But apart from the individualized sonic influences, the sequencing of the lyricism/verses on The Score shares the center stage with the production. And not entirely because of what they rapped about, but the distinguishing flows and energy they bring. Biggie was commandeering, these three were confident and at times sincere. Their flows were the polish to the constructs of the vehicle that was The Fugees.
Lauryn Hill, amongst others, changed the individual nuances of female rappers from the aggressive violence of west coast artists like Lady of Rage to the aggressive sexual nature and violence (of course) of east coast artists like Lil Kim. She stood out as her own person delivering on-color soulful and progressive lyricism and multi-syllabic bars, which elongated certain pentameters of the flow.
Wyclef brought vibrant energy and paint (since he created picture with his words). And Pras brought a unique take to the meaning behind “the cherry on top.” As a closer, Pras Michael’s slight calm flow made the enunciation of the words crisper, allowing them to marinate, like the intricate metaphors at the end of “The Beast.” Pras raps about the differentiating levels of power and showing how police officers handle arrests or searches with a Black American, giving a different perspective from Lauryn whose angle is reflective of gender and race (mostly race).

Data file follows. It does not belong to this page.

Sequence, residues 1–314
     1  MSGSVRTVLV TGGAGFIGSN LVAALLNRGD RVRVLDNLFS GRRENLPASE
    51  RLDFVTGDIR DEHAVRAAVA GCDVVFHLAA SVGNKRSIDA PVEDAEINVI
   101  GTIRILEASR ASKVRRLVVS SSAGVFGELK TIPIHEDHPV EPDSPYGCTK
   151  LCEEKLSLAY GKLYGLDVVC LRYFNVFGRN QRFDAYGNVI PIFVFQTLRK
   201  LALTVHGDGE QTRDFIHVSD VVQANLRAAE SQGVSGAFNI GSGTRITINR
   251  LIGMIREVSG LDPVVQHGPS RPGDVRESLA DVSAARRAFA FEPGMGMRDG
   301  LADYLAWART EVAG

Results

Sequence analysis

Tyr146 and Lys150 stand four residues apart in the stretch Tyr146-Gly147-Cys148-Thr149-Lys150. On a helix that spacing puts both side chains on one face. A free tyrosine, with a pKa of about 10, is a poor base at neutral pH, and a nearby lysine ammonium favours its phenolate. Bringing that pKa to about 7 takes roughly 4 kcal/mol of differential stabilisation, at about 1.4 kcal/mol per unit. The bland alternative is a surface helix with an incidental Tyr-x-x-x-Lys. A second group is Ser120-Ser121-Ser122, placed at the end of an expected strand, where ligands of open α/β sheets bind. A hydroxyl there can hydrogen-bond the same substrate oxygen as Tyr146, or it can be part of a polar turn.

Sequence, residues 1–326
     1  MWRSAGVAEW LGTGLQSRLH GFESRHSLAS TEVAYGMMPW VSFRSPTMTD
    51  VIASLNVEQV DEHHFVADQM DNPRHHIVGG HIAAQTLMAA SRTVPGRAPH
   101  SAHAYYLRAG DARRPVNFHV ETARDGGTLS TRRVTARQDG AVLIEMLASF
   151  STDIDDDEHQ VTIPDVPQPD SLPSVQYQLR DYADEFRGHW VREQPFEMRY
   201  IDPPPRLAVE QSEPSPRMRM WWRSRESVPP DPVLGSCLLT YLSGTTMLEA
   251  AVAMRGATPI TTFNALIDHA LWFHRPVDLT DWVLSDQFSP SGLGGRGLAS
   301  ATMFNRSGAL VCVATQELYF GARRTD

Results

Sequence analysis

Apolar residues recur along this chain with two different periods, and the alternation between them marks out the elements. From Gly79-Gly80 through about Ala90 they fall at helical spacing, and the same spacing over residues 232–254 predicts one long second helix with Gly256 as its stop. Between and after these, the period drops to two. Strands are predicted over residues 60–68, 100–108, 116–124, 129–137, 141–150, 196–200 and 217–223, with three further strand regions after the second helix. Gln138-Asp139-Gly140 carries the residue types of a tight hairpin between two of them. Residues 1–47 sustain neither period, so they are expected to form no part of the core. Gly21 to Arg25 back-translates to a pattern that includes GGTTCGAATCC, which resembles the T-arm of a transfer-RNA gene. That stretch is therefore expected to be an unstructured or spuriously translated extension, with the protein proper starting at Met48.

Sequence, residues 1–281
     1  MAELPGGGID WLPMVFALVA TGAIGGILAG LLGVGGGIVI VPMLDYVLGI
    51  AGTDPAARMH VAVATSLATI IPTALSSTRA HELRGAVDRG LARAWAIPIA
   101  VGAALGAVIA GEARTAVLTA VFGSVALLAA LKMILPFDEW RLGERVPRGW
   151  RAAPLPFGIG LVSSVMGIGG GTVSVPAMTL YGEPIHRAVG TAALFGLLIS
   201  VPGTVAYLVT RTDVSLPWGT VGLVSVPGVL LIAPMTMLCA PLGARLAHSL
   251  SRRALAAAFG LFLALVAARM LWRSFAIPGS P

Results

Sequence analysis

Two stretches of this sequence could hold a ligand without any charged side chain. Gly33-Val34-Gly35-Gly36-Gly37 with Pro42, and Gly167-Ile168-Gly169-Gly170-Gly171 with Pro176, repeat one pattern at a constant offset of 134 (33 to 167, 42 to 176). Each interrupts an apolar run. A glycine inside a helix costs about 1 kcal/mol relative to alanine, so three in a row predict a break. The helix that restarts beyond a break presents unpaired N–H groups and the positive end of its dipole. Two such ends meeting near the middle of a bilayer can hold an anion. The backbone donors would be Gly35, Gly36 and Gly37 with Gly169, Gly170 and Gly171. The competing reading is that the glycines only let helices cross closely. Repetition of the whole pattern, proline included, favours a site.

“High class get bypassed while my ass gets harassed (Bang)
And the fuzz treat bruhs like they manhood never was”– The Beast (Lauryn Hill)
Wyclef Jean is one of the champions of the refugees he speaks of, implementing them into these connotations of success and survival like on “Fu-Gee-La,” where a scene is painted about the latter.